In univariate logistic regression analyses, age, region, and income were independently significant predictors of Probable/Definitive PD. Respondents who were attributed a Probable/Definitive PD diagnosis were: (a) less likely to have been in the 24+ age group (OR = 0.721; 95%CI = 0.57,0.913); (b) less likely to be in non-South regions of the country (OR = 0.747; 95% CI = 0.646,0.864; (c) less likely to be in the $25K income level (OR = 0.820; 95% CI = 0.673, 0.997).
When all three variables (age, region, income) were entered in a stepwise multivariable logistic regression, only age and region remained significant. Respondents who were attributed a Probable/Definitive PD diagnosis were: (a) less likely to have been in the 24+ age group and (b) less likely to be in non-South regions of the country (Table 3).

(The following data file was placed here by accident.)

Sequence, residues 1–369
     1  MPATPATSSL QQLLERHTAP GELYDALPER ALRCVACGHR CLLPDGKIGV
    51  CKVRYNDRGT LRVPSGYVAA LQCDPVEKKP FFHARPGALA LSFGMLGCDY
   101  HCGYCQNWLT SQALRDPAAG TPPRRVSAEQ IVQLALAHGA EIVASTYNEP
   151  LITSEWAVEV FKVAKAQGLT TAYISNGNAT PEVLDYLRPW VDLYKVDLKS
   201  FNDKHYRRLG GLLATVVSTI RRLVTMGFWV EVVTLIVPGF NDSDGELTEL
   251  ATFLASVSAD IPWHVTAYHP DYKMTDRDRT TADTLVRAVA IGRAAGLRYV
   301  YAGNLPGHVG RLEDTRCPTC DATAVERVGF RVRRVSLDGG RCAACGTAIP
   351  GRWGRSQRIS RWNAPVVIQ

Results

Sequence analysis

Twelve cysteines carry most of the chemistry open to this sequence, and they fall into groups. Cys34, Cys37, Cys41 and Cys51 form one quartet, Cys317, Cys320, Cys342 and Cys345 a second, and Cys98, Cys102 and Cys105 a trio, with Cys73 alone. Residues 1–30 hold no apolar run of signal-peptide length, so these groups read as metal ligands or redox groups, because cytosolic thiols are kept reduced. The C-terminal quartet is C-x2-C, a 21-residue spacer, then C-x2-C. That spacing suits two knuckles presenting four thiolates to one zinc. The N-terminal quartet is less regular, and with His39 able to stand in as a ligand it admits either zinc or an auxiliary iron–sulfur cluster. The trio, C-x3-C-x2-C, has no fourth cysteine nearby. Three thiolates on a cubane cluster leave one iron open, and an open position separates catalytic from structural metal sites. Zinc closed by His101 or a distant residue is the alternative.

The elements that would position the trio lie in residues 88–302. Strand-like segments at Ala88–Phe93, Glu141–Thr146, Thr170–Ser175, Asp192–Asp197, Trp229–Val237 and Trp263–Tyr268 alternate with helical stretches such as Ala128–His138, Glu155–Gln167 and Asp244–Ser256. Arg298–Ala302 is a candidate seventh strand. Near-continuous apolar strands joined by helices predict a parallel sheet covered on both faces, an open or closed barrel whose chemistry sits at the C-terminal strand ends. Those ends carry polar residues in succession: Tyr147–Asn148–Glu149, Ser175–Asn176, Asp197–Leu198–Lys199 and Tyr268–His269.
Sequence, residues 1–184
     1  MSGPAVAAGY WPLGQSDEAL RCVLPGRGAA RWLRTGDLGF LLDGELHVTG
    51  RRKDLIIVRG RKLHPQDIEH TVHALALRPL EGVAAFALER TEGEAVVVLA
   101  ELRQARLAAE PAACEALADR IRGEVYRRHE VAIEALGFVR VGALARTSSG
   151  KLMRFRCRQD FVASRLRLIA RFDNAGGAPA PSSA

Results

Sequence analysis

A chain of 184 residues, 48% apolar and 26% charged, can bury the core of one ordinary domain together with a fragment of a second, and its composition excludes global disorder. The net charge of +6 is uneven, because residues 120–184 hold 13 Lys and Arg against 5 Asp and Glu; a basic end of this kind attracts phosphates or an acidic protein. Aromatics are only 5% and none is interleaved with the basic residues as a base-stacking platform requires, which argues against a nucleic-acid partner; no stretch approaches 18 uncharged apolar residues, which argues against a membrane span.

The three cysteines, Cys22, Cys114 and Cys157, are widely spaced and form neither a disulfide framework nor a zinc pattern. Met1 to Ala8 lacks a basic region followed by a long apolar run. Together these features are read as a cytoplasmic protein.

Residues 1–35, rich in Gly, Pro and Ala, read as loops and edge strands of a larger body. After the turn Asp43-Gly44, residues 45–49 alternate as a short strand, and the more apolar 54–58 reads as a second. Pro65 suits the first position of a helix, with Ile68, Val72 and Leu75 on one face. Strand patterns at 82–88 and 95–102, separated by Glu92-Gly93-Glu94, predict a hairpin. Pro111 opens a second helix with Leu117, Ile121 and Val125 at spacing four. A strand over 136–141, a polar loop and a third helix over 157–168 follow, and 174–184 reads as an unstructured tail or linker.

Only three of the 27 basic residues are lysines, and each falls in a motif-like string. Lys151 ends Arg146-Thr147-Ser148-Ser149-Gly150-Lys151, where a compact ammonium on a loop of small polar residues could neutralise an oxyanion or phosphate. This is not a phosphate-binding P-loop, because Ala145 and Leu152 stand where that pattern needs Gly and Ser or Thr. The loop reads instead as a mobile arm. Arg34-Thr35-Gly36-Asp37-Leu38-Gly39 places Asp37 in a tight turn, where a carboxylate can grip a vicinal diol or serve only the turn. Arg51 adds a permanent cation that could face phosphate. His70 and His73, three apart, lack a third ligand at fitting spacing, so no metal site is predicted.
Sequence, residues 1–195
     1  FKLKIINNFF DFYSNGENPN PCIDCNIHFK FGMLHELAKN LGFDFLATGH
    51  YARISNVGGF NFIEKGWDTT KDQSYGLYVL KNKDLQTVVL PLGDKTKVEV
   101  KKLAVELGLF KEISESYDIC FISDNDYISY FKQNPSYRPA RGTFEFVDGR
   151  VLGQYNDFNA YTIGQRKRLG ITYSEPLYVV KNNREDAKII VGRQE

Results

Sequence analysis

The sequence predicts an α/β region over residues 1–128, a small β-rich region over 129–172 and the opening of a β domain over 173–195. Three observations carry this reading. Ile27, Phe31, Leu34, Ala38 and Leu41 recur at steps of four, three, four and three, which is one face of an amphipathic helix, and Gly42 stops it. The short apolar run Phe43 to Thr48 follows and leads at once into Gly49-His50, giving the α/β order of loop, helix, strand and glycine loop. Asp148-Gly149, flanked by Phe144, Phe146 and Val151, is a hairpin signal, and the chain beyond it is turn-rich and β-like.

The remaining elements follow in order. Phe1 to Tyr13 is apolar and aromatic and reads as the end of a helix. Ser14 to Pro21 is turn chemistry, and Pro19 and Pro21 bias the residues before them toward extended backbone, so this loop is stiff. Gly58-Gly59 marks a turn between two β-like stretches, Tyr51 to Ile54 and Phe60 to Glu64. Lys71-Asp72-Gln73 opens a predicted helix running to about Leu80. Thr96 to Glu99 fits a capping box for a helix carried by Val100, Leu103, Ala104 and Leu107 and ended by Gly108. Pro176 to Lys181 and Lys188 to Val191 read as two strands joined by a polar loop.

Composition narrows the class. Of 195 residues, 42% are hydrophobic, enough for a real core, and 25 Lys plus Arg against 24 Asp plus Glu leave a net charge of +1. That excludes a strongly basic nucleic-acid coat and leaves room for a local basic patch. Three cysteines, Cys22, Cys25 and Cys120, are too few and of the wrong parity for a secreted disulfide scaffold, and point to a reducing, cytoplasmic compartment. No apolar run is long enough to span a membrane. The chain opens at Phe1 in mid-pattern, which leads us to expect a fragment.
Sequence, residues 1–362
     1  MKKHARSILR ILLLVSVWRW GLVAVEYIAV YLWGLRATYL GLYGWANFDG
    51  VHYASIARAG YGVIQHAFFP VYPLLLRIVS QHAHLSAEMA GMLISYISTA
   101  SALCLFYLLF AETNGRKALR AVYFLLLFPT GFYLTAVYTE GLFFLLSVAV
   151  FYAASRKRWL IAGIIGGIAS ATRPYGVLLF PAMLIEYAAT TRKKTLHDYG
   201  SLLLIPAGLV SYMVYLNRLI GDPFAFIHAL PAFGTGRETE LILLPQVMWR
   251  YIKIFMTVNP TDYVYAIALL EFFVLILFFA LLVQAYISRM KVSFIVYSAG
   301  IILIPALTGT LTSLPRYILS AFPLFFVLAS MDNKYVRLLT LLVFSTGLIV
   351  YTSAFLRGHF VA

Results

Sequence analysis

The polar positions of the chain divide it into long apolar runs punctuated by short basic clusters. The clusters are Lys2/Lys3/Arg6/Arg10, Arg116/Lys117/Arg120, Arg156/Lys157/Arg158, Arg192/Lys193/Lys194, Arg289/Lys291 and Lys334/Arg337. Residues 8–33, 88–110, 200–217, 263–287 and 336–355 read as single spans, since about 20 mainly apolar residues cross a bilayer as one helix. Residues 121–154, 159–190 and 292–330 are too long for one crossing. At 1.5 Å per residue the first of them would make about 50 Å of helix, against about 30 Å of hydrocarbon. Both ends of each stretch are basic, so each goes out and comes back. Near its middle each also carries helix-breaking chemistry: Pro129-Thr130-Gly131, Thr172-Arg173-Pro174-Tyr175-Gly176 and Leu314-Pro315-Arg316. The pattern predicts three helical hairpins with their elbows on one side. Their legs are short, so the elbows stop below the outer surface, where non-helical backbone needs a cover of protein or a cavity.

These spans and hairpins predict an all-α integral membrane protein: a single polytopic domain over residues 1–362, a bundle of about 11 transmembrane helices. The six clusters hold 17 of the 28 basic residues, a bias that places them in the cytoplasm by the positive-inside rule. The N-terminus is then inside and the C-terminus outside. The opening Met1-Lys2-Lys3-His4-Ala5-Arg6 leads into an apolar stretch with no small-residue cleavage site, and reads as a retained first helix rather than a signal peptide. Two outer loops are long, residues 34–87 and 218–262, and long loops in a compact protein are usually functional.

Table 4 shows that there were significant differences (p<0.0001) between definitive PD cases and probable PD cases with respect to the occurrence of four symptoms: (a) unusual firmness or hardened tissue under non-erect penis; (b) lump/bump, firmness/hardness affecting shape of erect penis; (c) development of a new or significant curve or bend of erect penis; and (d) indentation on one or both sides of erect penis, with definitive PD cases having a significantly higher proportion of cases with the above-mentioned symptoms.
With respect to PD treatment, 19.3% of definitive PD cases and 3.4% of probable PD cases had treatment that was specific for PD (p<0.0001) (Table 3).